Canadian tech-death metallers Beneath the Massacre are currently gearing up to release their brand new album Fearmonger via Century Media records. Their first release in 8 years, the album makes a triumphant return for the quartet who in the past toured with heavyweights Job For a Cowboy, The Faceless and Behemoth. Prior to the release of the album, we had the opportunity to chat with guitarist and founding member Chris about the new album, the new equipment he’s been trying out and the bands plans going forward.
How do you feel the response has been to the songs you’ve released so far?
I think it’s been pretty good. We weren’t sure if people would even remember us as we’ve been quiet for 8 years but we’re pretty stoked with the response we’ve got. One thing I will say is that when it comes out, I think people should listen to it as a whole and think a bit more. Each song has a different kind of vibe and if you sit in the bath and listen to it, it’ll go by faster than you might think.
As you mentioned, it’s been 8 years since the bands last release. What do you think has changed in those years?
Music-wise, the level of talent has increased dramatically. There are way more sick bands around these days and I think social media has been helping that. Business wise, I’m not too sure what’s changed much as we just came back so we’ll see how it goes. We’ve only done one tour since we came back so we can’t really form an opinion yet. The process with the new label has been good though and they’ve been super awesome to us. We’ll see how it goes going forward but so far they’ve been really good. I’m really anxious to see how the US tour goes as we’ve not played there in a long time.
It was different to the past yes. Typically, we’d be writing on the road and trying to hit the recording date with enough songs. We’d do it on the spot with some super shitty scratch tracks and that was kinda how we did it. This time though, we spent a lot more time writing and I’ve got some riffs that date back a few years. A few other factors then came into play and we spent less and less time on it. When we decided to get back into it, we did a different approach and took what we had and bunch of riffs and did some pre-production with Tony from Ion Dissonance. That way, I was able to continue writing and he served as the point of contact for the rest of the band. We then decided that we would record all the riffs I had which ended up taking a lot longer than we anticipated.
When we then went into the studio and started working with the engineer Chris, things just started getting even better. He suggested a lot of really cool harmonies and it ended up coming out super good. I think, by putting more time into it and getting it more polished, we’ve created a more solid album.
What was your main inspiration that you had when writing the riffs?
I guess with time I’ve developed a unique style which was influenced by bands such as Origin, Dying Fetus, Meshuggah and some shredding guitar playing. That’s primarily what influenced me back in the day and over time I think I progressed further and further to create my style. I’ve kinda got comfortable writing this intense music over time.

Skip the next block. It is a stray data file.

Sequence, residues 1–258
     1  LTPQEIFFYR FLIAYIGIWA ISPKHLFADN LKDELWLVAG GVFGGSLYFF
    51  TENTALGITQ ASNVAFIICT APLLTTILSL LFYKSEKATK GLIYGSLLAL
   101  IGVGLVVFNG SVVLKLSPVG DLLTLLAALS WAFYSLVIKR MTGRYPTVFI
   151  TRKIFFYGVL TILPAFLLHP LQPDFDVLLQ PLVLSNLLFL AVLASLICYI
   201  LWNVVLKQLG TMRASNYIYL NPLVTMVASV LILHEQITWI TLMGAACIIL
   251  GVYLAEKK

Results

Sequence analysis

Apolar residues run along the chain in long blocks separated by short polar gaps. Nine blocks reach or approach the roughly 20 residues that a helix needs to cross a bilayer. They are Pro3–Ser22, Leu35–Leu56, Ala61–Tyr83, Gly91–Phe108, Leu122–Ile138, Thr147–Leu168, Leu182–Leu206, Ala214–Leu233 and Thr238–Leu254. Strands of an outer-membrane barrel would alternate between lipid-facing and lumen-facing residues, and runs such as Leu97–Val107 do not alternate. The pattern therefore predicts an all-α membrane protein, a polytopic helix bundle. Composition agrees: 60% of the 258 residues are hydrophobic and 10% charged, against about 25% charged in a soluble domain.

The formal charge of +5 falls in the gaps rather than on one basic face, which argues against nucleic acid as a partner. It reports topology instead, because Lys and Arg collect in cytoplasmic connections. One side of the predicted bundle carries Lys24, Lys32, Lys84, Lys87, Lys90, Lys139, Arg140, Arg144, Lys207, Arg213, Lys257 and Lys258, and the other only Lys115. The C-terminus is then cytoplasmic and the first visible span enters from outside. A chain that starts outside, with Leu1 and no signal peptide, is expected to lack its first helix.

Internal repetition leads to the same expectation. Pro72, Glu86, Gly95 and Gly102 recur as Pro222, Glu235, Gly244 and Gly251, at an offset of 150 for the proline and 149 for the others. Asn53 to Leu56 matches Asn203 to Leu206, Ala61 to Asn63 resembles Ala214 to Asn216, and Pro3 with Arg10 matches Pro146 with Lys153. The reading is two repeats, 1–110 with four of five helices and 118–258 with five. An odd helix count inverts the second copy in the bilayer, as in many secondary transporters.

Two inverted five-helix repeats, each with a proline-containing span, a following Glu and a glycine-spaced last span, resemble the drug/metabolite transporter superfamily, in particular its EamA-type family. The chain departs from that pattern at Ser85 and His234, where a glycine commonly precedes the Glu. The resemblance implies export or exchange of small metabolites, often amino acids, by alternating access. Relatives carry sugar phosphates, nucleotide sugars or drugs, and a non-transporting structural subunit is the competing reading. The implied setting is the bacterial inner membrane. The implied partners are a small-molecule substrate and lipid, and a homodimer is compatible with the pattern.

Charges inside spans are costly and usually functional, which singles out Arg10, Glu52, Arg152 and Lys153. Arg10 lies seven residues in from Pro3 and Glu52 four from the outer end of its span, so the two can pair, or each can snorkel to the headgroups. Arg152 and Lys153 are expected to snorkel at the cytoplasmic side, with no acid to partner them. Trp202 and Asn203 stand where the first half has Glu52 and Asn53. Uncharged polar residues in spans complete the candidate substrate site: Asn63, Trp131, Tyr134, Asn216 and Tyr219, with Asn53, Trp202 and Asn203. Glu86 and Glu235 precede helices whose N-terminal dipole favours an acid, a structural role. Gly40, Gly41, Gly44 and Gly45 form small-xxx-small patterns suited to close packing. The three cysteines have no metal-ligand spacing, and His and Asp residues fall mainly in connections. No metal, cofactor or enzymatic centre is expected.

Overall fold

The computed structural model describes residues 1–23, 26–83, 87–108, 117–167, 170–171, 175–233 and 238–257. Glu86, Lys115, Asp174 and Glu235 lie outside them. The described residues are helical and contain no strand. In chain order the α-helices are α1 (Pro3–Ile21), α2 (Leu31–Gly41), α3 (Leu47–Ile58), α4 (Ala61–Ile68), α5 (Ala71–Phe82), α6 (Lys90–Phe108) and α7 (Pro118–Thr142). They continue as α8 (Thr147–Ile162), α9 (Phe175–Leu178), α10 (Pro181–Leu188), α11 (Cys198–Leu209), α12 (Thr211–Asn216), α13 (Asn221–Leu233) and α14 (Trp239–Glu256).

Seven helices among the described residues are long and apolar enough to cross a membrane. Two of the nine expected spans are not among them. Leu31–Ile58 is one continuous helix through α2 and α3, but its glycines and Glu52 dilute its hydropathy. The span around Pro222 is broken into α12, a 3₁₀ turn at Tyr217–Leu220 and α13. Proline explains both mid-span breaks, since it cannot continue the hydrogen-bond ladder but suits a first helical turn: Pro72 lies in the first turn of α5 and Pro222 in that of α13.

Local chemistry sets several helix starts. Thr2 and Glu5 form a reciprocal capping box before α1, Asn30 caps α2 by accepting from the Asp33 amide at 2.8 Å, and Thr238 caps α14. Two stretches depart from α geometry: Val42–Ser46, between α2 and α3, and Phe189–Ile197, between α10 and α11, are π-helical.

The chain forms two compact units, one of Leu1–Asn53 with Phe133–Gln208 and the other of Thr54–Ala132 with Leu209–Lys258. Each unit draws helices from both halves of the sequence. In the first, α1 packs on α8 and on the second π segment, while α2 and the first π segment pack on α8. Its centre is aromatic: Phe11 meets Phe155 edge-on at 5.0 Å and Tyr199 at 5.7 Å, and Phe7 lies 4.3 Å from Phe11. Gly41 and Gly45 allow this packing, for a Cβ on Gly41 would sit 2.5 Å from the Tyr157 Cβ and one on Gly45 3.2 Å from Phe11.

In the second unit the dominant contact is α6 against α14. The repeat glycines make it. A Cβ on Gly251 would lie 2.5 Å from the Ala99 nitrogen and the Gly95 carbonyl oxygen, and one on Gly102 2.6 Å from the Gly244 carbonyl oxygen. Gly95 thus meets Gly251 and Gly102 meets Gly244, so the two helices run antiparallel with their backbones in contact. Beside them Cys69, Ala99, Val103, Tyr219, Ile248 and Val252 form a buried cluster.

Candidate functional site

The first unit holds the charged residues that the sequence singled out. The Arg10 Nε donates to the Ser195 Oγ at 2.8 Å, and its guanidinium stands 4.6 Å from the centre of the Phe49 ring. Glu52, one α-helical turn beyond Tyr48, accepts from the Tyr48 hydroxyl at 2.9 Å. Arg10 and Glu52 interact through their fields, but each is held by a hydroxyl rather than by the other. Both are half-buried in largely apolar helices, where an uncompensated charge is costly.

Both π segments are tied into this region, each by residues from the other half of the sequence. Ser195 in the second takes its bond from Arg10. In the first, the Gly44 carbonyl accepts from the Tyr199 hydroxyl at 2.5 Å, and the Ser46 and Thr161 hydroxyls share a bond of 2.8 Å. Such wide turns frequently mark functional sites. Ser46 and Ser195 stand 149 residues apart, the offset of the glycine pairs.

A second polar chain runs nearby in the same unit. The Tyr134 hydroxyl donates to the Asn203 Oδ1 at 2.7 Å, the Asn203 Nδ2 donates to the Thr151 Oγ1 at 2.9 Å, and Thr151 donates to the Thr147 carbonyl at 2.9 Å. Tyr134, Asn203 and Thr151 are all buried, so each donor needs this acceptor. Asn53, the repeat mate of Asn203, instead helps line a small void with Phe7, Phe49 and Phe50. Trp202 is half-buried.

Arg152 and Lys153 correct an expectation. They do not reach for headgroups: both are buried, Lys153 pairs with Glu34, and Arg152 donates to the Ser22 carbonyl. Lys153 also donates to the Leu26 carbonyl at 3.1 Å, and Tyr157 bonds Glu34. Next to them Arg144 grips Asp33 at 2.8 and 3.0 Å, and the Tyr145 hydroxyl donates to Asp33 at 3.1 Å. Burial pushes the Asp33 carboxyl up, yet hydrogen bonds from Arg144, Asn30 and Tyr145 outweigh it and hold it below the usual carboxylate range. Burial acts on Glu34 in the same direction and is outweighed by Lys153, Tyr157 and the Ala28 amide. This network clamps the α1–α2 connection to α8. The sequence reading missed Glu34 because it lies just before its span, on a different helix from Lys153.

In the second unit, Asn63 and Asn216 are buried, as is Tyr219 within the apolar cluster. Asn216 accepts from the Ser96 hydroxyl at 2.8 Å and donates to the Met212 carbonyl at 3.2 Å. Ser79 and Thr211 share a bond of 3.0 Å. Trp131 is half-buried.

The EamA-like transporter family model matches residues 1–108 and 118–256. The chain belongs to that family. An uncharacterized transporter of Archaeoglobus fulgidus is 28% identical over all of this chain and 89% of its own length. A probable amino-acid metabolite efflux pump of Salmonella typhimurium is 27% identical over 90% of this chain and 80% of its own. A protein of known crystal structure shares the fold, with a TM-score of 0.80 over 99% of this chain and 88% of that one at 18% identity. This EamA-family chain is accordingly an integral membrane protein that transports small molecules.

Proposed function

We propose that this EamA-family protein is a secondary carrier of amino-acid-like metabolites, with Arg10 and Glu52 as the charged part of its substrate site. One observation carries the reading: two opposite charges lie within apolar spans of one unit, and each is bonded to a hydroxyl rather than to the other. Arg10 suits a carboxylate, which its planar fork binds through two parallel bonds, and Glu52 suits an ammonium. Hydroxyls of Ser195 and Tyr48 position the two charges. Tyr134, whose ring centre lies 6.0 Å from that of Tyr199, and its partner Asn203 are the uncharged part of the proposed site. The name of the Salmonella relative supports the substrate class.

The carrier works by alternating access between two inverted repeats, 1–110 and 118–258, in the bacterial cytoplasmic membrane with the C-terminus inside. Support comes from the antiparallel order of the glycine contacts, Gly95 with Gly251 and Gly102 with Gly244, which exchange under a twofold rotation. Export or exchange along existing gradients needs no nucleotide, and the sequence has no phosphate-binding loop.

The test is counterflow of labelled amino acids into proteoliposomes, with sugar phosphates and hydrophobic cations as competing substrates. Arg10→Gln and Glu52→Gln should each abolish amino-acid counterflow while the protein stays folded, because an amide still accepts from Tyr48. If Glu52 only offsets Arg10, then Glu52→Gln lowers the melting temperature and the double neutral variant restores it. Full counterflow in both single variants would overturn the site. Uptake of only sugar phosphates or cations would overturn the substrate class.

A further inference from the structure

What equipment do you typically use?
I did most of the tracking for this album using a Kemper in my apartment and capturing the DI via S/PDIF which was awesome. It delivers pristine audio and stays in the digital realm which removes all the additional noise that can come into the signal chain by using DI’s. That meant that I could deliver pristine DI’s to Chris and he then did some re-amping and other technical wizardry.
In a live situation, I’ve been using a Line 6 Helix as it’s amazing. I wanted something that enabled me to do my harmonies live and gives me a split sound with left and right channels. We’ve also started using a click and in-ears which has enabled me to play the harmonies which I previously didn’t play. I do that via midi patches which has been a super amazing thing for me. I’m still working on my tone as it’s very different for me as I always used to use amps and cabinets and not go direct. Getting a tone that works when going direct can be tough, but I think I’m getting there.
I also recently got a Legator guitar which I’ve been playing on for the past 2 weeks which sounds amazing. I don’t know whether it’s the guitar or the Fishman pickups in it, but it sounds so amazing. I’ve been super digging that and I think I’ll probably stick with Legator for a while.
What are the bands plans for the next few months?
We obviously want to push our album as much as we can. We weren’t that lucky when our last album came out as we were just finishing a drummer change and didn’t get that many offers. This time, however, we’re not in that situation and we’ll be able to tour more with offers that make sense. I just hope more venues have showers these days!
How would you describe your music if someone asked you on the street about what your band plays?
I would just make some rumbling noises and sign the drums going crazy. If it was a metal fan, I’d probably say it’s like intense metal and they should give it a listen.
Outside of playing music, what do you enjoy doing?
These days, I’ve been using my spare time preparing for the US tour and I try and stay in shape as much as possible. I also got engaged recently although she lives in another country which has been a little tricky. That’s mainly been mainly taking up my time recently.
If every member of the band had to switch instruments, who would play what?
That’s funny because we jammed earlier and we kinda joked about this. I would switch the bassist and guitarist and the drummer and vocalist. I would love to hear Pat yelling into a mic and I think this lineup would probably at least sound OK as opposed to really bad.